“This year has started with renewed optimism and it is Drewry’s belief that the market has finally turned that corner,” Susan Oatway, Drewry’s lead analyst for the multipurpose sector, said.
“Rate rises are never stratospheric in this sector, but we believe a steady growth of around 2-3% per year is possible over the forecast period.”
However, due to the diversity of drivers that supports this sector there are still some concerns that could impact the outlook over the medium term.
The simple multipurpose fleet, that is those vessels with lift below 100 tons, has already started to contract at a rate that is affecting the whole fleet. However, Drewry believes that the future is with the project carrier sector, i.e. those vessels with lift greater than 100 tonnes.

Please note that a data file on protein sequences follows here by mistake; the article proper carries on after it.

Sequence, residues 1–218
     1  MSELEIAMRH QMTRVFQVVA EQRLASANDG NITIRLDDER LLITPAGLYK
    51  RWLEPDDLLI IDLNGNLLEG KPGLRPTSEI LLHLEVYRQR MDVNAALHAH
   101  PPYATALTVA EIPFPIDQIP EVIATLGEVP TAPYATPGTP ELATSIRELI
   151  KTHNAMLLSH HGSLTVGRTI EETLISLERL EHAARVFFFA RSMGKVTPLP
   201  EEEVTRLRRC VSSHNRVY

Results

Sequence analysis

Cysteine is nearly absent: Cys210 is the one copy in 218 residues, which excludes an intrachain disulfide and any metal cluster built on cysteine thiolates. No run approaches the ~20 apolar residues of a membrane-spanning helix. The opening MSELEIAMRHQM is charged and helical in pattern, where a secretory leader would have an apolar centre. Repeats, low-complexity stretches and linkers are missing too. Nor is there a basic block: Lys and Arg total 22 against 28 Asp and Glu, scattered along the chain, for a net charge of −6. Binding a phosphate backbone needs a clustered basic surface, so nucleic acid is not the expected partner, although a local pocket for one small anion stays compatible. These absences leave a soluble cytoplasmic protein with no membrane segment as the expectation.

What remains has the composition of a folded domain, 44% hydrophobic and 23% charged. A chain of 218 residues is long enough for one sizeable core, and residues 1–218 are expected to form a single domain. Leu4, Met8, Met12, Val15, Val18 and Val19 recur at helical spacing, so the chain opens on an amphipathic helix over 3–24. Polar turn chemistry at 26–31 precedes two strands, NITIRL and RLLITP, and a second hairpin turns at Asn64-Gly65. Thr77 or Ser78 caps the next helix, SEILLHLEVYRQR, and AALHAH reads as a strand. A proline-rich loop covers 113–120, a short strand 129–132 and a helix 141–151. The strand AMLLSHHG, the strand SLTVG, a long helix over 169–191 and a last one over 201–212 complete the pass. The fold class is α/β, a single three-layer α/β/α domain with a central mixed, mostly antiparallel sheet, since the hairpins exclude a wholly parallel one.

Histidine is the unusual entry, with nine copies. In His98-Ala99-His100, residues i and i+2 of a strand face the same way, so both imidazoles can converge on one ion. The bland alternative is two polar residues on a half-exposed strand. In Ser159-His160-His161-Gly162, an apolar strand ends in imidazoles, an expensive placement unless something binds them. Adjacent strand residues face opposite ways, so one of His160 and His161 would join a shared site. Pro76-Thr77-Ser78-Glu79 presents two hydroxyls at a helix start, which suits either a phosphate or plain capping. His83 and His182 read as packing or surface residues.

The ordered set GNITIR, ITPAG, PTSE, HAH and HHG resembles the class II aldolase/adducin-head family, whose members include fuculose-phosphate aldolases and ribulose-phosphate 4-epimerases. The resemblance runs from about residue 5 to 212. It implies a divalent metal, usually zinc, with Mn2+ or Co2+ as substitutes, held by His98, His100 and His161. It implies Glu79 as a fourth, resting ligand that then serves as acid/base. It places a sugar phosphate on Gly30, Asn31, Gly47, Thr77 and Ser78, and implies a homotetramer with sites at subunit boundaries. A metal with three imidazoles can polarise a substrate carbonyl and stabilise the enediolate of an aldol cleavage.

“Some 80% of all newbuildings over the last five years have heavylift capability, and at least 70% of the orderbook has this capability. The project carrier fleet is growing, but it will be some time before it reverses the decline in the overall multipurpose fleet,” Oatway concluded.
The container shipping market is to see a healthy demand growth that will outpace the fleet in 2018 and 2019, according to shipping consultancy Drewry.
This would result in a better supply-demand balance and slightly higher freight rates and profits for carriers, Drewry said in its latest Container Forecaster.
“The bad news for carriers is that they are unlikely to see the very strong demand growth rates of early 2017 for the foreseeable future. The good news is that while port handling growth may have peaked, they can still expect more than adequate volumes for at least the next two years,” Simon Heaney, senior manager, container research at Drewry, said.
Subtle changes to the orderbook, mainly in the form of delivery deferrals, have softened this year’s new capacity burden and had a positive effect on supply-demand equations for both 2018 and 2019.
“The top-heavy delivery schedule for 2018 with the majority of ULCVs being delivered in the first quarter has depressed our supply-demand index, but the balance will improve as the year progresses,” said Heaney.